But by March, many central banks had pushed those rates to almost zero, meaning they’d exhausted one of the primary tools of traditional monetary policy (after all, central banks can’t lend for free, which is what a zero percent rate implies).
Led by US Federal Reserve chairman Ben Bernanke, central bankers are now resorting to drastic measures. They’ve relaxed their own lending criteria, and are also pursuing “quantitative and credit easing” policies—a form of sanctioned alchemy that allows central banks to inject billions into their economies by acquiring government and corporate bonds, mortgages, consumer debt, and even stocks. The primary purpose of these moves is to avert the hobgoblin of deflation. When consumers expect prices to fall, they delay purchases and can thereby send an economy into the kind of death spiral that turned into the Great Depression.
It’s an unfamiliar role for people in Carney’s position. For the past twenty years, central bankers have increasingly focused on adjusting interest rates to keep inflation in check—a legacy of the stagflation of the ’70s and ’80s, when prices churned upward and borrowing costs followed. Former Fed chairman William McChesney Martin once quipped that the job of the central bank was to take away the punch bowl just as the party gets going—but as of 2009, bank officials the world over have found themselves setting out shooters the morning after a drunken debauch.
The G-20 summit began early on April 2, at the cavernous ExCeL convention centre in east London. I rode the Docklands Light Railway past the towers of Canary Wharf to a station near the London City Airport. In a forlorn parking lot, hundreds of journalists were being siphoned through two sets of security checks and cordons, then bused to the venue. After a long night of negotiations and banquets, the American and British delegations were still debating the French and the Germans over the need for more stimulus, as well as the extent of new regulation for the global banking system.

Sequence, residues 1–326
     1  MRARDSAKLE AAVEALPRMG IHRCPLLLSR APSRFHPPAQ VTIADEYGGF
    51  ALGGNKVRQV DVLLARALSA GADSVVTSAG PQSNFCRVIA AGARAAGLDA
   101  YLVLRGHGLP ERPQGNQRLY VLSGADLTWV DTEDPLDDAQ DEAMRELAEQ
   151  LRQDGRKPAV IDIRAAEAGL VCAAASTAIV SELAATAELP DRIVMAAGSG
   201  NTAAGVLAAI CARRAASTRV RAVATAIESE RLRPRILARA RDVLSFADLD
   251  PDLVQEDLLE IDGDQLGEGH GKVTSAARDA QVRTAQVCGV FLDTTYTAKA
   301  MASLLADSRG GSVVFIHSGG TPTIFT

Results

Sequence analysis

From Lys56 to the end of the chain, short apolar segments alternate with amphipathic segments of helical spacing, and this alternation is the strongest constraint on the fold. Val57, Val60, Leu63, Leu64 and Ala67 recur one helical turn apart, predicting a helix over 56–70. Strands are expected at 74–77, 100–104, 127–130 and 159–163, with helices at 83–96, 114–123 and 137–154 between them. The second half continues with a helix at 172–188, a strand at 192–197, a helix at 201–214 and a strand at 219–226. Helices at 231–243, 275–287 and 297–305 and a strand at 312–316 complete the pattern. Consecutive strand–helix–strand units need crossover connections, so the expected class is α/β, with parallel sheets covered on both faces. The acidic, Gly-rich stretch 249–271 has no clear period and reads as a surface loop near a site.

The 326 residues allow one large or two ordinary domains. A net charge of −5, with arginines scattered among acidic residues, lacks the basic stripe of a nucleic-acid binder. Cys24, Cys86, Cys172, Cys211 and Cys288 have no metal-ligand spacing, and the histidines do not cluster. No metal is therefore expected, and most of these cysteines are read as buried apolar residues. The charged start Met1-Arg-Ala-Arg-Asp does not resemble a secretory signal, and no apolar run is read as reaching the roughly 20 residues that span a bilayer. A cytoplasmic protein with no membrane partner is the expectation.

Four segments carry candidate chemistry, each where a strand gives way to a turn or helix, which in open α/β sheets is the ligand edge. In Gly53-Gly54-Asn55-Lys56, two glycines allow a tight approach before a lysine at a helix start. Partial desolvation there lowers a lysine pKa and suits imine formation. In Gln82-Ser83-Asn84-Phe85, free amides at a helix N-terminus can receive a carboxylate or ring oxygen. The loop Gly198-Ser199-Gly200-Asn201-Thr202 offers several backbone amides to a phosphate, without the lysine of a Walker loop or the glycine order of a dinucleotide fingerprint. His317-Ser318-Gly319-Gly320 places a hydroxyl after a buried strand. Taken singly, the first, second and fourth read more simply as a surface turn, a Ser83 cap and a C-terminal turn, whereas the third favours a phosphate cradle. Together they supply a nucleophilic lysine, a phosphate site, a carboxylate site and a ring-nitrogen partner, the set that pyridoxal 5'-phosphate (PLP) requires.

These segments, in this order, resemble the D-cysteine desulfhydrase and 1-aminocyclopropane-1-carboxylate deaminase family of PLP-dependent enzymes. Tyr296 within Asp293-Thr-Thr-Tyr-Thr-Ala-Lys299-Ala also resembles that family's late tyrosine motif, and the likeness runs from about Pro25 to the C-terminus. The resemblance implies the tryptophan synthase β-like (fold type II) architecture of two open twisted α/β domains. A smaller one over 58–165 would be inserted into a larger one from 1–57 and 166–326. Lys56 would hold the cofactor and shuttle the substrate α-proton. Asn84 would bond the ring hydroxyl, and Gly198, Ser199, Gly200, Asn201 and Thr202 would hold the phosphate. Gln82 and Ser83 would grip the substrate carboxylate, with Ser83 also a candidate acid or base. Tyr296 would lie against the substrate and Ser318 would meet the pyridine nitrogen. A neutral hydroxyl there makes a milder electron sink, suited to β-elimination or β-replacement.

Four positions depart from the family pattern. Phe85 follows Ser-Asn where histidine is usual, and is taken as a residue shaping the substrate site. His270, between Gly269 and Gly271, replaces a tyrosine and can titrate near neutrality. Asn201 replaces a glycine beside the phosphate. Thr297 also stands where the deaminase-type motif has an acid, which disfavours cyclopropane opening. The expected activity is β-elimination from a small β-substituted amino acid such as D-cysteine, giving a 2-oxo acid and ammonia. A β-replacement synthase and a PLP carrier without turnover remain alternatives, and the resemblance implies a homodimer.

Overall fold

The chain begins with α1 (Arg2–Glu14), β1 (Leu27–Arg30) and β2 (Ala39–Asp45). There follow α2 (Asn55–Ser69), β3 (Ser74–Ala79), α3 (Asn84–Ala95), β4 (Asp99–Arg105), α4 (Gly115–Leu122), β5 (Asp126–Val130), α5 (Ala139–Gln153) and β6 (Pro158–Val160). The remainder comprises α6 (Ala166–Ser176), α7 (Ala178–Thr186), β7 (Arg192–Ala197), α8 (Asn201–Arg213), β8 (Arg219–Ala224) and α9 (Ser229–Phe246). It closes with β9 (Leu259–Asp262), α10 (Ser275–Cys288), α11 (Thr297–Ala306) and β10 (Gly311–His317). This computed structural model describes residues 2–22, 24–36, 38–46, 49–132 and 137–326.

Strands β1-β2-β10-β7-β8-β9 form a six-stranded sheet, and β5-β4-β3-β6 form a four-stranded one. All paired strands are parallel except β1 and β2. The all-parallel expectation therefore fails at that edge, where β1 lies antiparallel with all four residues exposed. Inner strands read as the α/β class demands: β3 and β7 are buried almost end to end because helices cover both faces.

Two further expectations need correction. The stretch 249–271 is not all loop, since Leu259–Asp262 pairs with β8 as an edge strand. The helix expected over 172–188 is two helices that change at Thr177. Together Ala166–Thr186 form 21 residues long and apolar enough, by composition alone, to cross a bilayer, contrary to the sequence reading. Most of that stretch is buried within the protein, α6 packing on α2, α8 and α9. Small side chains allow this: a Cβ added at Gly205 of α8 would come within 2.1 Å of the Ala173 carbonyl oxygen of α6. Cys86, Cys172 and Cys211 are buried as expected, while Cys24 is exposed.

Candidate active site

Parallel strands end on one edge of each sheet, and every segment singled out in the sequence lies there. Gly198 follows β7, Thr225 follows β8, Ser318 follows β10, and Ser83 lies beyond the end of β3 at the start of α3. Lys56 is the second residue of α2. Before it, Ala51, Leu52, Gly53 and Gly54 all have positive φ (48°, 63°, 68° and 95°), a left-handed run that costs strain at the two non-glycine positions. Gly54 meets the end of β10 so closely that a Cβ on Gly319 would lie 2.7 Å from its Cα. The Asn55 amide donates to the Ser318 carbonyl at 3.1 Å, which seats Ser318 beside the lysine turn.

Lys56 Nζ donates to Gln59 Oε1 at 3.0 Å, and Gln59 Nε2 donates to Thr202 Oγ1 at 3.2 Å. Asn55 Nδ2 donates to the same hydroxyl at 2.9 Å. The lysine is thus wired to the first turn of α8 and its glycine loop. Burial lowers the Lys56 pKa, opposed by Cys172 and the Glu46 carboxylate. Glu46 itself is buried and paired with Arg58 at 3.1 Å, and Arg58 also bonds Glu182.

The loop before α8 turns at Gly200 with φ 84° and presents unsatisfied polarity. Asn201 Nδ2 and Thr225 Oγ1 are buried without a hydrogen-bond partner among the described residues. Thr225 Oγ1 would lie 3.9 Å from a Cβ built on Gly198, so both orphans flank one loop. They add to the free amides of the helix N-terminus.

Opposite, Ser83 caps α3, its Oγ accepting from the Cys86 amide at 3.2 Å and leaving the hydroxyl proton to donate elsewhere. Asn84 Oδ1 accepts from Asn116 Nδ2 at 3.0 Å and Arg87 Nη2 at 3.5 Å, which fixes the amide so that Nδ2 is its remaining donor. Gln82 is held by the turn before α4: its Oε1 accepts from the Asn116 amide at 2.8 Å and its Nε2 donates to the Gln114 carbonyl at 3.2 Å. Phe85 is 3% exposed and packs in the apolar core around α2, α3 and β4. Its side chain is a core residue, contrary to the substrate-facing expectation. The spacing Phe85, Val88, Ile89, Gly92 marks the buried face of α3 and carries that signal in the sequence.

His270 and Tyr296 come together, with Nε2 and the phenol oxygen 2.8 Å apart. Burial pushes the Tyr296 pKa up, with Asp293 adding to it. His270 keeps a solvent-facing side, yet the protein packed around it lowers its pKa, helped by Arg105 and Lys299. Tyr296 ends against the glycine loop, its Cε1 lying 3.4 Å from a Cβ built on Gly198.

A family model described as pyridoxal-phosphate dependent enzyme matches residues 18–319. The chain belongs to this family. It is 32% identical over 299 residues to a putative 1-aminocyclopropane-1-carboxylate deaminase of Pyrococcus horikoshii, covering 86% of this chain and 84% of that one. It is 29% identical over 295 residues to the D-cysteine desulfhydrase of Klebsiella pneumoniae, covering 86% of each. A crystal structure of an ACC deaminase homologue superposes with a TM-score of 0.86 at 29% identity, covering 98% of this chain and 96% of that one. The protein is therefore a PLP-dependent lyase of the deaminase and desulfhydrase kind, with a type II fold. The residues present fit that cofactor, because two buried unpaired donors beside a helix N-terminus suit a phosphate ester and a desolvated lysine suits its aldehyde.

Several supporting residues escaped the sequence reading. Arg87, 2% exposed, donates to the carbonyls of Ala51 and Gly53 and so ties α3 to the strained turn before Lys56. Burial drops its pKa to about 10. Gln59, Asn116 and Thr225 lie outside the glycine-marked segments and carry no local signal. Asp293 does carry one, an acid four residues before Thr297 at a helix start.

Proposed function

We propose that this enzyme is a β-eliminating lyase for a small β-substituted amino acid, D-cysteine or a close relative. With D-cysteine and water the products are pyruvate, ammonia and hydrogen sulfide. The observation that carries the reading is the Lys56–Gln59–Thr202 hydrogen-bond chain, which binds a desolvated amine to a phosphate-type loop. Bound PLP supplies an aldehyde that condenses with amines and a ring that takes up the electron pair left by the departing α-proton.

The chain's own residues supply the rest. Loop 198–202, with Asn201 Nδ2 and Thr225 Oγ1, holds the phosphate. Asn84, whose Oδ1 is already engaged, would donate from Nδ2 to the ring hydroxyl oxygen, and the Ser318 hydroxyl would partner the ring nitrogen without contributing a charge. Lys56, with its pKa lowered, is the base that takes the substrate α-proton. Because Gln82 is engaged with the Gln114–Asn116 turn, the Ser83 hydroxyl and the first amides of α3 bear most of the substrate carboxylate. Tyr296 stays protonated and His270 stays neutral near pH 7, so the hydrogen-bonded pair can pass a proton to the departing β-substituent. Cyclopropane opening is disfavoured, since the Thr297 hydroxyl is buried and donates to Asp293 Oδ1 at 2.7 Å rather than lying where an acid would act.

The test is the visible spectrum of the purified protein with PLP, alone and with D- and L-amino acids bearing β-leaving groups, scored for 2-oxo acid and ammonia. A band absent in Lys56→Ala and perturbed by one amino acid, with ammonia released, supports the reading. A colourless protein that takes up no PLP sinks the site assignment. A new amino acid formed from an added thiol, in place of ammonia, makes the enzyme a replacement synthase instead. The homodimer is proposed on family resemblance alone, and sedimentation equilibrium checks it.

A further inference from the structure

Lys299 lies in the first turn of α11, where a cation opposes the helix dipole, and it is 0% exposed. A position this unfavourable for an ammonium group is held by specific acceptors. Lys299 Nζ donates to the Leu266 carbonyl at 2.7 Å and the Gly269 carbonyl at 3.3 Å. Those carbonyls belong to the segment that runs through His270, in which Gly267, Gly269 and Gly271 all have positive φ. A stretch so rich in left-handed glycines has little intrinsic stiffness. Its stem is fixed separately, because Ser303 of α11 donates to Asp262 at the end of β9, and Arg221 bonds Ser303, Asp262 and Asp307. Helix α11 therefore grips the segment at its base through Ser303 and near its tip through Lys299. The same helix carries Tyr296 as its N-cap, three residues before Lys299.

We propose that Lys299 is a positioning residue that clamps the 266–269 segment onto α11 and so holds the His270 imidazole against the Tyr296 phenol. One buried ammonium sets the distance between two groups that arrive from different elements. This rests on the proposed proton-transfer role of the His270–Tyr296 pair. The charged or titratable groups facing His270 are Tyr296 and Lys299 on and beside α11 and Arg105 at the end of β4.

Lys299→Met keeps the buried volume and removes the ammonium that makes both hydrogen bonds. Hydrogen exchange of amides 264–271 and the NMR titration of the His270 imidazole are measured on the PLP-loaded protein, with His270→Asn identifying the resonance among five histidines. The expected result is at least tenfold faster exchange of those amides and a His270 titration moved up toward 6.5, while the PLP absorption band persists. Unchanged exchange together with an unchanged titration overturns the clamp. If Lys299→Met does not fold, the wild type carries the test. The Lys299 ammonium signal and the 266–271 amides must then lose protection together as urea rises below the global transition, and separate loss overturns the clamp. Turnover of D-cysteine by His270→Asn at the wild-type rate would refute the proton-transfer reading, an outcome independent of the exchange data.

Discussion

The Brits had prepared a seventy-three-page summary of the crisis. On page thirty-five, in large blue letters, was former Fed chairman Alan Greenspan’s confession that his nearly mystical faith in the free market—exemplified by his decision in the late ’90s not to regulate privately traded derivates—had been misguided. By last year, global speculation in these lucrative, ultra-complex investments had topped $500 trillion (yes, trillion). The implosion of a staggeringly large market that had flooded the world with cheap credit was the defining feature of the economic crisis. As Greenspan conceded to a congressional committee in October, “The whole intellectual edifice… collapsed in the summer [of 2007].”
For years, Greenspan was the embodiment of the all-knowing central banker—a superstar economist noted for his owlish appearance, cryptic public pronouncements, and long friendship with literary libertarian Ayn Rand. His successor, Ben Bernanke, is a bushy academic who came to the job with noted, and evidently fortuitous, expertise in the causes of the Great Depression.
Since the onset of the sub-prime meltdown in the summer of 2007, Bernanke and other central bankers have been under a microscope. When Iceland’s banks disintegrated last fall, the country’s central banker, David Oddsson, became a widely ridiculed figure. Bank heads in the UK and the euro-zone, meanwhile, have faced criticism for failing to check the reckless behaviour of financial institutions, and for responding slowly to calls for interest rate cuts to prevent a recession.